Hamilton County, formed in the mid-nineteenth century, knows how to appreciate its historic architecture. Perhaps that’s because two of its first courthouses, a vernacular frame structure in use during the 1860’s and its replacement, an 1871 two-story housing the county records as well as the courtroom and sheriff’s office, both burned, apparently under suspicious circumstances. Hamilton County citizens, determined to put an end to the assault on their civility and outraged by the destruction of the 1871 courthouse, offered a reward for the “arrest and conviction of person or persons that burned the courthouse of Hamilton County on the night of March 17, 1877”.
While neither an arrest nor conviction ever materialized, Hamilton County citizens proceeded to build a new courthouse, acquiring the services of the architectural firm of Mason, Martin, Byrne & Johnson. The 1886 design, typical of the Second Empire style, featured locally quarried limestone, pavilions at each corner covered in mansard-style roofing, and arches spanning the window openings. A central tower, with Classical details pressed into its sheet-metal skin, topped it off. This courthouse, fortunately, survived into the 20th century.
In 1931, the county hired architect E. M. Mills to address the aging courthouse building, now confronting issues of maintenance, fire safety, structural instability, and inadequate space. Inadvertently, the “repairs” also provided Mills with an opportunity to create one of the most inspired integrations of architectural styles in the state. Mills blended the eclectic Richardsonian Romanesque elements like crenelated square turrets and rounded arch windows, fluted supporting columns in the Neoclassical style, and the Spanish Revival, mission-inspired tower with modern, 20th century additions.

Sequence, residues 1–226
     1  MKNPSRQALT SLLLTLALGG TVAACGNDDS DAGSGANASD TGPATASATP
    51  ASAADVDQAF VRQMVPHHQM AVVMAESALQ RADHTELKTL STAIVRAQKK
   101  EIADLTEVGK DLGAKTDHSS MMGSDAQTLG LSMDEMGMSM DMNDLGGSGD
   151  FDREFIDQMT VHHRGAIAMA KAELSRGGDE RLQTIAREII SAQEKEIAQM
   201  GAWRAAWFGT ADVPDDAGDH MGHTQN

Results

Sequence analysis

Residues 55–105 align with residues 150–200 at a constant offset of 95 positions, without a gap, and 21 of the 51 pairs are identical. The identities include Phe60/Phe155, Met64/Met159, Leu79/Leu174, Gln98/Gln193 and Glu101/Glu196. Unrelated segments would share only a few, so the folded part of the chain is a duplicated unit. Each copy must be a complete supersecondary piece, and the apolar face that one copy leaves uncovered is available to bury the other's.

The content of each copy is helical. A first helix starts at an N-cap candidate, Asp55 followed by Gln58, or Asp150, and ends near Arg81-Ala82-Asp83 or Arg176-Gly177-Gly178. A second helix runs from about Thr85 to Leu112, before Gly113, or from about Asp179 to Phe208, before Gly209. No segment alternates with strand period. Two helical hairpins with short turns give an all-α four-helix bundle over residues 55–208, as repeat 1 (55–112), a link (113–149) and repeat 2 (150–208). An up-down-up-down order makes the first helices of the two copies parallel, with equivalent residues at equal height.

Mills, however, would not be the only one to modify the building during the 1900’s. Decades of additional modifications ensued and many of his original renovation details were lost. At the turn of the latest century, Hamilton County citizens once again utilized their ingenuity to finance a complete restoration of the courthouse, this time with some assistance from a Texas Historic Courthouse Preservation Program grant.
During the 21st century renovation project, the discovery of one of the more unique aspects of the 1930’s modernization featured a plaster bas-relief of Lady Liberty (also known as the Greek goddess of justice - Athena). Architectural drawings from the 1930’s construction project indicated that the relief was mounted to the wall behind the judge’s bench, yet the actual relief was missing. As the latest interior restoration proceeded, only a plaster “ghosting” appeared where the bas-relief had been installed. Luckily, Frances Ramsey, local Hamiltonian and Chair of the Hamilton County Historical Commission, solved the mystery. The relief, in an unfortunate remodeling of the District Courtroom, had been removed and abandoned mid-twentieth century. Ramsey discovered the relief at a local yard sale in the 1960’s and, recognizing the historical significant of the piece, had purchased it then kept it in storage for nearly fifty years. Thanks to Ramsey’s foresight the restored bas-relief, complete with golden laurels and black scales, resides once again in the Hamilton County courtroom.